Shamus W This project uses a Taguchi design and compares the results with those from the fractional factorial design used in Project #3. The data being used in the experiment is the Cars93 dataset from the Ecdat package. For this experiment, we are interested in the effect of 4 factors, two 2-level factors and two 3-level, on the price of the vehicle. The factors observed airbags, drive train, transmission type, and origin of the vehicle. The 3-level factors were deconstructed into 2-level factors. An L8_2 Taguchi design was chosen to examine the main effects. [19]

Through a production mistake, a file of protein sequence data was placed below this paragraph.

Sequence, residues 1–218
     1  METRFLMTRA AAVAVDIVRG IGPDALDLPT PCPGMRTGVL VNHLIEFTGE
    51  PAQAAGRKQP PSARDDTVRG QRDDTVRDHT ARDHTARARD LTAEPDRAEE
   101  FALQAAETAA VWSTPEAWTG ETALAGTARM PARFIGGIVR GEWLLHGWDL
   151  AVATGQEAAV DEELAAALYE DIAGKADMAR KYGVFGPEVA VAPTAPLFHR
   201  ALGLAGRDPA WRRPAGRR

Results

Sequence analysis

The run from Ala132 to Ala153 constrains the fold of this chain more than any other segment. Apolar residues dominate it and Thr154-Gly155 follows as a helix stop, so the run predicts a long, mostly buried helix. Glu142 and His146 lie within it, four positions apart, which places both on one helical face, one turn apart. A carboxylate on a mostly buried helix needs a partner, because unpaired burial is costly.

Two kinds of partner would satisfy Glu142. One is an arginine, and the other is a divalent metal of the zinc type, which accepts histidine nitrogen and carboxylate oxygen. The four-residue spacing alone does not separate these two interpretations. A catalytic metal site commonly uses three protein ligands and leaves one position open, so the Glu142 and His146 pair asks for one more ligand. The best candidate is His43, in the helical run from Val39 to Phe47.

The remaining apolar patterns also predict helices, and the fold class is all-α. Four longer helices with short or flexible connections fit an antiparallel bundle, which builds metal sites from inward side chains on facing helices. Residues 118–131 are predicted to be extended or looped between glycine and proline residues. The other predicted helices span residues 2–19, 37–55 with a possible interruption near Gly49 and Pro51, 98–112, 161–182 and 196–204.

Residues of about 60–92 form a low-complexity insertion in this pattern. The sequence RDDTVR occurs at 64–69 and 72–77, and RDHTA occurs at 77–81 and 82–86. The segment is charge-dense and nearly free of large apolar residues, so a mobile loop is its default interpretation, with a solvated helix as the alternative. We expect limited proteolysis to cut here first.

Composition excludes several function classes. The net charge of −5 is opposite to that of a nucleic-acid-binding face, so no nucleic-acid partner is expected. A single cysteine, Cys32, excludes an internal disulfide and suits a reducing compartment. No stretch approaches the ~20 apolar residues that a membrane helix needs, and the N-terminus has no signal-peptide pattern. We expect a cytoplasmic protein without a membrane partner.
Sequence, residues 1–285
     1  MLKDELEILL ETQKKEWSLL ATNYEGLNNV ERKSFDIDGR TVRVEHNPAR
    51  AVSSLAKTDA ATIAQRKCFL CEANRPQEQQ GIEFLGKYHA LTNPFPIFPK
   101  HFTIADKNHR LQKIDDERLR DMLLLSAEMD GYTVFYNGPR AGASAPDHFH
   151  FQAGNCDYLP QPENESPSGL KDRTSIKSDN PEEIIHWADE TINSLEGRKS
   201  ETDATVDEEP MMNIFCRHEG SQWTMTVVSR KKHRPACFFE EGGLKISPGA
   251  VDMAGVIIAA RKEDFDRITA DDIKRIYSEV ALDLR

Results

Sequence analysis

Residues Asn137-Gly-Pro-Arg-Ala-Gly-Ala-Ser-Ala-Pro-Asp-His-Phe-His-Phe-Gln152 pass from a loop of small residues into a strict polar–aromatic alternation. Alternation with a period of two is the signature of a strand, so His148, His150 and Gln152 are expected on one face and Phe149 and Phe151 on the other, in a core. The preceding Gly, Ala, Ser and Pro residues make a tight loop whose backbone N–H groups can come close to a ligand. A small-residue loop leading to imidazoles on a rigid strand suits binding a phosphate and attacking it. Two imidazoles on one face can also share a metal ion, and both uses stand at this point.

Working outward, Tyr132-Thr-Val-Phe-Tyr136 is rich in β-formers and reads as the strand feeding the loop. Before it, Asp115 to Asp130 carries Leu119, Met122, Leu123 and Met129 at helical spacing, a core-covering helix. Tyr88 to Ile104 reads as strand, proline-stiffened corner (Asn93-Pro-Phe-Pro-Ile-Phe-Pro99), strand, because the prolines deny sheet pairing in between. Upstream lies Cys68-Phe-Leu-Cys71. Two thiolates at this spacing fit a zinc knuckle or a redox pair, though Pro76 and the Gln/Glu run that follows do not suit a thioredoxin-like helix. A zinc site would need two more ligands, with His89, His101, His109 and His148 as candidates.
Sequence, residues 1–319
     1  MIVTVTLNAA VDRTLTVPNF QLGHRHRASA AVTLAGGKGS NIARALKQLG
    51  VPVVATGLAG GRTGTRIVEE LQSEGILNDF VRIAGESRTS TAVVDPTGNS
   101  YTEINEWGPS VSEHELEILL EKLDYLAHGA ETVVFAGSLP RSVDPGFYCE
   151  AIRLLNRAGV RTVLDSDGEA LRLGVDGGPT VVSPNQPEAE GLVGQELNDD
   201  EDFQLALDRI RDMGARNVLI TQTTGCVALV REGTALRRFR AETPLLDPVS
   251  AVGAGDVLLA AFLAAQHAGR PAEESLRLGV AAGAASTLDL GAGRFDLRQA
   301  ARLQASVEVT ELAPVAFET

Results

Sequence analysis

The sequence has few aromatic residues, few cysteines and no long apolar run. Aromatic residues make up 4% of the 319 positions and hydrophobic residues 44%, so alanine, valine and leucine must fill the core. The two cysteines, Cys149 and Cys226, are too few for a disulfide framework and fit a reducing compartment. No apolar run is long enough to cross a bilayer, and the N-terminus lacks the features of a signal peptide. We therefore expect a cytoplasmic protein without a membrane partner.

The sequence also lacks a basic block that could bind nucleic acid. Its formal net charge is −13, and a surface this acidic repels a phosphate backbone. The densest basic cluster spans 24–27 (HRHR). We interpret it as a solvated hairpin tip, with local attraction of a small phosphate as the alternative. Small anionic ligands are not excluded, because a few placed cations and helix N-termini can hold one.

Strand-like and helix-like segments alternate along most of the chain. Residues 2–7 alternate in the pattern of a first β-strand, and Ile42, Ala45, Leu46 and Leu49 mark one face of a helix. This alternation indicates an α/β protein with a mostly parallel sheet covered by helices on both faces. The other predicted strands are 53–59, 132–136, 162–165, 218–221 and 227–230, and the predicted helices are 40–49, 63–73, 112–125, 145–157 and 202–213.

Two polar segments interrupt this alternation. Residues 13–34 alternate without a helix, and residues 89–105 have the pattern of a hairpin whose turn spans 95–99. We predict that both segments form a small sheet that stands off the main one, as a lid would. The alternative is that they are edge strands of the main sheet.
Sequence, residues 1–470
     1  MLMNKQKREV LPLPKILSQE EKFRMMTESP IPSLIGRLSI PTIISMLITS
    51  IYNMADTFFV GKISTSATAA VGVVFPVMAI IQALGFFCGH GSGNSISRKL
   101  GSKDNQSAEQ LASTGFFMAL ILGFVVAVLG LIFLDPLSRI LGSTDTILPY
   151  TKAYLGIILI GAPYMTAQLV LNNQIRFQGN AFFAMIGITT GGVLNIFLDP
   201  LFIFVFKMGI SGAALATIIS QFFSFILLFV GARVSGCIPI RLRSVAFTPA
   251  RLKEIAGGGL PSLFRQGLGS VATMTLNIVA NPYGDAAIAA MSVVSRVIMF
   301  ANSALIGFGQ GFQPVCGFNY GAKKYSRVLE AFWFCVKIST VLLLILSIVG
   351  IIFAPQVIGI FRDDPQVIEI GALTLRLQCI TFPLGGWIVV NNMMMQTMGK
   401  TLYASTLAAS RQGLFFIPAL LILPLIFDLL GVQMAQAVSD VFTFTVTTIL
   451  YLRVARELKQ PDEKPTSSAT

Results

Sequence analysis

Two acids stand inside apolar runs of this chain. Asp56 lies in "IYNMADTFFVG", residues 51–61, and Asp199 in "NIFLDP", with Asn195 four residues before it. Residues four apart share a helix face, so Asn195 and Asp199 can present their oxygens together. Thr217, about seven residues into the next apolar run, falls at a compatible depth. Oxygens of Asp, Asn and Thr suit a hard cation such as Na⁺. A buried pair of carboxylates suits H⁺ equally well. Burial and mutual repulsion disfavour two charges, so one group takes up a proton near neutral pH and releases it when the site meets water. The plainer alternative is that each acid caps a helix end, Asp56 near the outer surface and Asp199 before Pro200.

Bok, Joonhyuk Among a dataset from the Ecdat R Package, we select “Mathlevel” which would be useful for expecting SAT Math Score. In Mathlevel data, ‘language’, ‘sex’, ‘physiccourse’ and ‘chemistcourse’ are selected as factors, which could explain the result of SAT Math Score and have 2 levels, 2 levels, 3 levels and 3 levels respectively. And 'sat’ is chosen as a response variable. A Taguchi design allows the reduction of the total runs, while still allowing the computation of main effects. To make the design simpler, the factors with 3 levels will be decomposed into factors with 2-level for calculating the required data needed to obtain appropriate data. For these, the sum of the variables with 2 levels will yield the value with 3 levels. After conducting the Taguchi design and comparing it with the Fractional Factorial Design, we can find out that the results of the two experiments are greatly different although they make use of the same dataset. After the results of the ANOVA test conducted on the full dataset, we learn that the Taguchi model gives a better estimate of the main effects than the Fractional Factorial Design. [20]